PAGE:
Tom and Enid Schantz are the heroic couple who formed Rue Morgue Press and brought Juanita Sheridan’s books (and Lily Wu) back to life. According to the back jacket copy of the reissued paperback version of THE CHINESE CHOP, Sheridan’s Lily Wu books (published between 1949-1953) are the first series to feature a Chinese-American female sleuth.
The jacket copy describes Lily Wu as “a self-assured 25-year-old who can assume whatever demeanor best suits her purposes. Critic Anthony Boucher (for whom Bouchercon, the World Mystery Convention, is named) proclaimed her as one of the best female sleuths of the era — and the only he was devotedly in love with, citing his respect for her professional skills and delight in her personal charms.”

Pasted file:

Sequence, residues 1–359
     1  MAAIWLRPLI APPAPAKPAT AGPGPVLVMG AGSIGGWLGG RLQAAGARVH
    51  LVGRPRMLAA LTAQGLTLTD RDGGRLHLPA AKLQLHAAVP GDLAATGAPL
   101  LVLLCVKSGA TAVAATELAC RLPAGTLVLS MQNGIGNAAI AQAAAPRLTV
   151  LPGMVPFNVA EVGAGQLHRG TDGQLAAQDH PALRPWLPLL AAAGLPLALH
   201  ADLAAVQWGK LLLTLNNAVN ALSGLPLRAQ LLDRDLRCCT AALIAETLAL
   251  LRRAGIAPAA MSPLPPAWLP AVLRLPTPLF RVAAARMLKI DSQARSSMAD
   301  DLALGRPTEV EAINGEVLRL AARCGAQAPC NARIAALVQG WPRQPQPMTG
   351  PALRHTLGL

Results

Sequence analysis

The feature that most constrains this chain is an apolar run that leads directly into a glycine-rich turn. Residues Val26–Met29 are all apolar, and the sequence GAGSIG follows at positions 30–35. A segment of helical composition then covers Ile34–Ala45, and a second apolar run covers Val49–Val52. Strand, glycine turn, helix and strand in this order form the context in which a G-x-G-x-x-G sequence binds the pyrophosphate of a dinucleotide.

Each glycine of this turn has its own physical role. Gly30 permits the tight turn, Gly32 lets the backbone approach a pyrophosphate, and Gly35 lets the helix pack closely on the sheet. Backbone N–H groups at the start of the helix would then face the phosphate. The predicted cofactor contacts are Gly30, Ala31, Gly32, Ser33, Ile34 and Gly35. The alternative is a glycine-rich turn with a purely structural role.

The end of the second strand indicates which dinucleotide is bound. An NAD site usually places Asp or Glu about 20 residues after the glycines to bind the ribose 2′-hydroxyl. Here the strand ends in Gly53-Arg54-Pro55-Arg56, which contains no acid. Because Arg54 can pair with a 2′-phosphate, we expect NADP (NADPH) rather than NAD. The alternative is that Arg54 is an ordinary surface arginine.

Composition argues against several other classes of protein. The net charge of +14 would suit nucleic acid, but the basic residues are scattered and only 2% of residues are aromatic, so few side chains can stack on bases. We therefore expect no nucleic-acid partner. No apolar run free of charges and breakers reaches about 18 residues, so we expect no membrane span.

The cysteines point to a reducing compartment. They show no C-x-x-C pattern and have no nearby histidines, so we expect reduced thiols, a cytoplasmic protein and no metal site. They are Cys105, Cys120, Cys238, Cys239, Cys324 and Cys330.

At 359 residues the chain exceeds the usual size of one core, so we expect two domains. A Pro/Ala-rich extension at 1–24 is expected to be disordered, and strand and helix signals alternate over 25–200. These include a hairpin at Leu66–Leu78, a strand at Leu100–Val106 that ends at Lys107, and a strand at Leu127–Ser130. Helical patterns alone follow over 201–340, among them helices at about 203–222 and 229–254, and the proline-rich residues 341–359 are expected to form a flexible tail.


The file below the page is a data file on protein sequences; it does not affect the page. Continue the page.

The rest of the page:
Imagine a New York Times book reviewer falling in love with a fictional Chinese woman — it doesn’t happen every day. But Lily Wu is not your average subservient Flower Drum gal. She’s an equal match for even a hardened NY Times reviewer. What’s even more remarkable is that she actually exists.
The Schantz’s colorful biography on the life of Juanita Sheridan reveals that Sheridan based Lily Wu on a few of her real life Chinese friends. Sheridan herself lived in Hawaii for 6 years between 1935-1941, and 3 of the 4 books are set in Hawaii.
Could the real Lily Wu have been hanging out with my Chinese grandmother in Hawaii in the 1930’s? Such a possiblity made me start looking at my grandmother in a whole new way. It made me start looking at the history of Hawai`i in a whole new way .
Murders! Scandals! Romantic Intrigue! Corruption! — suddenly 1930s Hawai`i became a lot more interesting to me. How much of it was truth and how much was fiction? That was what I set out to discover.